The IRS issued proposed regulations for determining whether an eligible employer-sponsored health plan provides minimum value for purposes of the Sec. 36B health insurance premium tax credit (REG-125398-12). Individuals do not receive the credit if they are eligible for affordable coverage under an eligible employer-sponsored plan that provides minimum value. Employers whose employees receive the health insurance premium tax credit may be liable for the Sec. 4980H “assessable payment.”
When the final regulations for Sec. 36B were issued in May 2012, they did not cover the definition of minimum value; the IRS requested comments on that issue (T.D. 9590, Notice 2012-31). The comments the IRS received were considered in drafting the proposed rules.
Prop. Regs. Sec. 1.36B-6(a) states that a plan provides minimum value only if the plan’s share of the total allowed costs of benefits provided to an employee is at least 60%. Minimum value may be calculated using one of four methods: (1) the minimum value calculator provided by the IRS and the Department of Health and Human Services (HHS) (calculated with adjustments provided in the regulations); (2) one of the safe harbors established by the IRS and HHS (generally plans that provide certain benefits within specified co-pay, deductible, and cost-sharing limits); (3) actuarial certification for nonstandard plans; or (4) for plans in the small group market (employers with a maximum of 100 employees or, in years before 2016, in states that elect, 50 employees), conforming with a level of coverage defined in 45 C.F.R. 156.140(b) (bronze, silver, gold, or platinum).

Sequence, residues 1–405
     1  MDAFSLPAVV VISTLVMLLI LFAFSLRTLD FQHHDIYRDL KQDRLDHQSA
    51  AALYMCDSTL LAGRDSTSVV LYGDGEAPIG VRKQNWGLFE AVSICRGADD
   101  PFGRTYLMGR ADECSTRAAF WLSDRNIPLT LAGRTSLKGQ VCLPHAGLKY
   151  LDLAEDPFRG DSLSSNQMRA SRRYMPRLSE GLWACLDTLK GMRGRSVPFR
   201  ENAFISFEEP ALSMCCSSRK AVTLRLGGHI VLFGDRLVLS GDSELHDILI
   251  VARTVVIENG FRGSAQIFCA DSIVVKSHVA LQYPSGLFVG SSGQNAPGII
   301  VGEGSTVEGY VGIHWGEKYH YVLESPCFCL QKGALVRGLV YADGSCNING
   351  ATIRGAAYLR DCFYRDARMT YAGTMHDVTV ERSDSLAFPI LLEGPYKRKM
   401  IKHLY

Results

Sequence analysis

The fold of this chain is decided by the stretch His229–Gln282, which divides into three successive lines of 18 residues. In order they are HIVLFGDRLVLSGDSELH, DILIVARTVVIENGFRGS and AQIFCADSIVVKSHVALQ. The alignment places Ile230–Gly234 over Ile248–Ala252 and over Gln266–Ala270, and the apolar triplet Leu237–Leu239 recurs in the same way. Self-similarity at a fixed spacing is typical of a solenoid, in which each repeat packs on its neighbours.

The proposed regulations also explain how wellness incentives (where a premium or other cost is reduced to encourage certain behaviors) are included in calculating minimum value. If the wellness incentives are tobacco related, they are included in determining affordability (that is they would reduce the premium); otherwise they are not included. The rules also explain how payments into health savings accounts and health reimbursement arrangements are included in calculating affordability.
The proposed regulations also:
- Define the term “rating area” used to determine costs of plans in the area in which the taxpayer lives;
- Define how retiree coverage is included as minimum essential coverage;
- Define coverage months for newborns and new adoptees;
- Explain how to calculate the adjusted monthly premium for family members not enrolled a full month (e.g., for a newborn child);
- Explain how to calculate the premium assistance amount when coverage is terminated before the last day of a month;
- Explain that premiums for family members residing in different states who enroll in different health plans can be added together; and
- Require taxpayers who receive advance payments of premium tax credits to file an income tax return to reconcile the payments by the due date for the return (including extensions) for the year they received the advance payments.
The regulations, which are proposed to apply to tax years ending after Dec. 31, 2013 (the first year the credit will be in effect), will be published in the Federal Register on May 3. Taxpayers wishing to submit comments on them should send them to the address listed in the regulations by July 2.
—Sally P. Schreiber (email@example.com) is a JofA senior editor.